/ surveillance

Facial Tracking Gets an App

No longer is facial tracking relegated to the realm of governments, retailers, or hackers. Russian startup FindFace marries facial recognition technology and public databases to create an app that can identifies of strangers with over 70% accuracy.

Scared yet?

In terms of functionality, the tool couldn't be more simple. Take a picture of a stranger, submit the photo, and the app will search through photos on VK (Eastern Europe's Facebook equivalent) to find the top matches. The neural net algorithm from NTechLab behind this tech is the same one that the won MegaFace with 73% accuracy. Russian security firm Kaspersky Lab performed a quick test in their office with a 90% accuracy rate.

The app, which pitches itself firmly as a tool to find the identity of hot strangers you pass is a stalker's dream. "If you see someone you like, you can photograph them, find their identity, and then send them a friend request," co-founder Alexander Kabakov explains. The app homepage prominently displays three models and a proud endorsement from Maxim. See for yourself:

Very quickly it becomes clear just who the target audience of this app is.

It's very hard to think of instances where this tool isn't used to harass people with unwanted attention. No longer are you forced to merely harass people on the subway for a stop or two. Now you can take a photo, identify who they are (and probably where they live) and proceed to take your unwanted attention online or even to their home if you're feeling really daring. This is 21st century harassment and it only gets worse from there. Blackmail and tracking by individuals, companies, or authoritarian regimes (or any government really) are made far easier with the technology.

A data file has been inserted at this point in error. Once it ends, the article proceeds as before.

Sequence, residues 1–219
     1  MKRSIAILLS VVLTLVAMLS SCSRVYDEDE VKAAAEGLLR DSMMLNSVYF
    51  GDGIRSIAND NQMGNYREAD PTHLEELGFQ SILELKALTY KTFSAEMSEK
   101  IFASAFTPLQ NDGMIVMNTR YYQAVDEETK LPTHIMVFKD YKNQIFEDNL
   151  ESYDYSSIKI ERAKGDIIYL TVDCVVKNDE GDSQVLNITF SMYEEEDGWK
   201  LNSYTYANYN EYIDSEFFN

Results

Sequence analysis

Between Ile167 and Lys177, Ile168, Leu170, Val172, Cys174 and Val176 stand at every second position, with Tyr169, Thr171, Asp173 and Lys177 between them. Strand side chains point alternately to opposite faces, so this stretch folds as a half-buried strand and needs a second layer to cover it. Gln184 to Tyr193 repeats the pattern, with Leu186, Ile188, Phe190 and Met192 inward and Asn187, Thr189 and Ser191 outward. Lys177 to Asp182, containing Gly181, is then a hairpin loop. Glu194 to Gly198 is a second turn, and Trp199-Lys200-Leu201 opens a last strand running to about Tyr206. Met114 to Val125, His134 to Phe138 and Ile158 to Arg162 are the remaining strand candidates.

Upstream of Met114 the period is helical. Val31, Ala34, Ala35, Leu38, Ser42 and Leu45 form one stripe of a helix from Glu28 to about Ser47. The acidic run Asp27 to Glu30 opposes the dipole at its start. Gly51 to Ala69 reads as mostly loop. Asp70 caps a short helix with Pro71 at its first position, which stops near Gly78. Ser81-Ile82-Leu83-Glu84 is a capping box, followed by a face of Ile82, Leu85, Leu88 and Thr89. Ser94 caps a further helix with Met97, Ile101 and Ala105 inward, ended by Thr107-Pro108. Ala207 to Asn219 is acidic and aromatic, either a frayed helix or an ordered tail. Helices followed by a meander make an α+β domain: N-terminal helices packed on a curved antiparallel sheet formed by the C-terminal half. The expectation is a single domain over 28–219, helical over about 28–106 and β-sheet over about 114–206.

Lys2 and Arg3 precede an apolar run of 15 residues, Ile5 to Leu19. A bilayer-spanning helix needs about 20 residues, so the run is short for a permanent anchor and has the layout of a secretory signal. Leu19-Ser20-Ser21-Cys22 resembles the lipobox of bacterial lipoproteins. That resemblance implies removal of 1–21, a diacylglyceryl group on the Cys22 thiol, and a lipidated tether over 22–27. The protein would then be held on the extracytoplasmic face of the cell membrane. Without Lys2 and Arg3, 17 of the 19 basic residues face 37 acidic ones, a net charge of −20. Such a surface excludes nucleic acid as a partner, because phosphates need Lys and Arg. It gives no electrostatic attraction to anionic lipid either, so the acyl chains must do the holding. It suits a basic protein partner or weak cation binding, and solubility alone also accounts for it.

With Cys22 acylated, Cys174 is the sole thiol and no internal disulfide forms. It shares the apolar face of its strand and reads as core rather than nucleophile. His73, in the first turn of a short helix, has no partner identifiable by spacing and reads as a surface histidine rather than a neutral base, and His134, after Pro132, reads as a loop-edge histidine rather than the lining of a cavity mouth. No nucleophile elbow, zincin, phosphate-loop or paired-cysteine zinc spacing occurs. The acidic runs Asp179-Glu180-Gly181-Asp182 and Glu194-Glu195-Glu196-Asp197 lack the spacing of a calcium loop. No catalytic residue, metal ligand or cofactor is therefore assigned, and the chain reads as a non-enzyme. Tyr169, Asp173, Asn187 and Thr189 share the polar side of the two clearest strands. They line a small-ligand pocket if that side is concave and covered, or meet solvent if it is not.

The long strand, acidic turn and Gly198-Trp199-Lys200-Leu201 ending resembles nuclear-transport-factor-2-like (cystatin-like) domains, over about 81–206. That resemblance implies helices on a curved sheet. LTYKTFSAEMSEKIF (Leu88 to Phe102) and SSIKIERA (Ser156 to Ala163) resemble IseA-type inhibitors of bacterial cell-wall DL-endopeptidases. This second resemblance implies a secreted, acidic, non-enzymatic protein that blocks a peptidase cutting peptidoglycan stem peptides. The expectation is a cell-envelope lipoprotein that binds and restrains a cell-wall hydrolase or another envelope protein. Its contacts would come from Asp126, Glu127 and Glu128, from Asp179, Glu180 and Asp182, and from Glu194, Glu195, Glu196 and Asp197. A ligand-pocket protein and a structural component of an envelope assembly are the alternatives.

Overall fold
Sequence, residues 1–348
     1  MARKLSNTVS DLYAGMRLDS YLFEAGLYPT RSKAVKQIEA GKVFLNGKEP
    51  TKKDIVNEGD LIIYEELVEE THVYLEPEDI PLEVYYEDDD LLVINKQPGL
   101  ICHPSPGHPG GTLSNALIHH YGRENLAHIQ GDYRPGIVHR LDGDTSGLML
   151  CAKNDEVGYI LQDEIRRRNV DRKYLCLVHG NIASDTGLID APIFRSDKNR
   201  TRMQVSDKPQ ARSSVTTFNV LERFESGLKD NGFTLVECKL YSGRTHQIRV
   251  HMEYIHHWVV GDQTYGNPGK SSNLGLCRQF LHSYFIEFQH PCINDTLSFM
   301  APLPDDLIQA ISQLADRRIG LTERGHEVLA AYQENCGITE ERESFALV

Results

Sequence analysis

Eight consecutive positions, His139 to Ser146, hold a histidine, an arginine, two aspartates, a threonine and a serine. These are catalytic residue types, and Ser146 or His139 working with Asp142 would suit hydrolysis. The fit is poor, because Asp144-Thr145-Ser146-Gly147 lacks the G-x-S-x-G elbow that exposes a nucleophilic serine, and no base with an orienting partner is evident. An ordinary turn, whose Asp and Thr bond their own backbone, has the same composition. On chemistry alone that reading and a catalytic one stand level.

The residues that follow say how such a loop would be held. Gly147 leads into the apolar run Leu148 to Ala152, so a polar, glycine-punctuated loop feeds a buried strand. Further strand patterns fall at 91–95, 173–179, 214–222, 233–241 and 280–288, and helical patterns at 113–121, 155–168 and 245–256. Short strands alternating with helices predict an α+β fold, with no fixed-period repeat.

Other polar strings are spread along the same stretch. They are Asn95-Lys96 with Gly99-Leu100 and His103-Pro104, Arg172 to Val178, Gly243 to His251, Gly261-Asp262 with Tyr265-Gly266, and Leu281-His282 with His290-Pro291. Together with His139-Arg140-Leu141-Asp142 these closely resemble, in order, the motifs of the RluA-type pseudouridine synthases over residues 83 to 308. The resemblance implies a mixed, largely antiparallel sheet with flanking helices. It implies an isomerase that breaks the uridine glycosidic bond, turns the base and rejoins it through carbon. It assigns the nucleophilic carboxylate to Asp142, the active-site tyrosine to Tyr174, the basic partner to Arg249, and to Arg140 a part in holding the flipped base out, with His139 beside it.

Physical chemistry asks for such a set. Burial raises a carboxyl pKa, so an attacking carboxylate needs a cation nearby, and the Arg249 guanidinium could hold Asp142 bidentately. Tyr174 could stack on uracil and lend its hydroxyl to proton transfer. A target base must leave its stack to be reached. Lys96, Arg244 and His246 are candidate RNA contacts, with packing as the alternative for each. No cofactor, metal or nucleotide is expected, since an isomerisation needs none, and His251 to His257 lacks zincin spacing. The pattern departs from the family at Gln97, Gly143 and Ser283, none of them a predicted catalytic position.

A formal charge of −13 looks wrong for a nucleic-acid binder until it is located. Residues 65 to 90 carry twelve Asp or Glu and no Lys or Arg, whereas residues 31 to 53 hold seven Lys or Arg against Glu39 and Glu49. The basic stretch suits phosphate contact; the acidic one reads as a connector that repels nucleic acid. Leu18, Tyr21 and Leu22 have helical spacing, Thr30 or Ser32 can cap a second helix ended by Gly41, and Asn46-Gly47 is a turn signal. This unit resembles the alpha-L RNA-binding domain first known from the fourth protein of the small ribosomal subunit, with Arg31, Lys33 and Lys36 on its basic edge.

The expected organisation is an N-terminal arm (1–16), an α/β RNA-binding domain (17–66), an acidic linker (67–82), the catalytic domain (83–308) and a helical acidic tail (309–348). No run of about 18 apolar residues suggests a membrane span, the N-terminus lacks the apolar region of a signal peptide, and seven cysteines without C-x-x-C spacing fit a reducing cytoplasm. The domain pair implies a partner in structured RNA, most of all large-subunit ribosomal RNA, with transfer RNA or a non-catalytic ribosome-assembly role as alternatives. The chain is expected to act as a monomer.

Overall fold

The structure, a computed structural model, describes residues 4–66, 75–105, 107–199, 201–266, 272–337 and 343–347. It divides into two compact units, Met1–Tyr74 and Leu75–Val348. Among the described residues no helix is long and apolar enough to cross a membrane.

Corporations and businesses are already reaching out to license the technology. In particular casinos and law enforcement are especially interested with their massive CCTV networks providing the perfect base for gathering data for analysis. The founders have also expressed there willingness to work with Russia's FSB (the successor of the Soviet KGB) in deploying the tech.

Kabokov dismisses any privacy concerns with a cavalier "deal with it" attitude:

In today’s world we are surrounded by gadgets. Our phones, televisions, fridges, everything around us is sending real-time information about us. Already we have full data on people’s movements, their interests and so on. A person should understand that in the modern world he is under the spotlight of technology. You just have to live with that.

While he's correct that we live in a world where everything is recorded by devices (that shouldn't be doing so in the first place), to give into that and help the transformation along by selling tech to governments and corporations while simultaneously bringing street harassment into the 21st century seems more like embracing the problem.

Fact of the matter though is that this tech is coming and there's nothing you can do to stop it (at least while our current political, economic, and cultural systems stand). In the meantime, be careful about what pictures of you are posted online if you're concerned about this kind of abuse. While Facebook doesn't allow as open access to their photo data as VK does, Facebook does currently utilize their own internal facial database (suggest a friend feature) and has a history of complying with law enforcement (often above and beyond what they're asked to do). Naturally it's only a matter of time until similar tech (from Facebook, Snapchat, Google, or a new player) makes its way onto our phones.

I guess that means it's high time to bring our cyberpunk dystopia to life and start making anti-facial tracking fashion the in thing.

More information is available at The Guardian.

Photo by Thomas Hawk released under CC BY-NC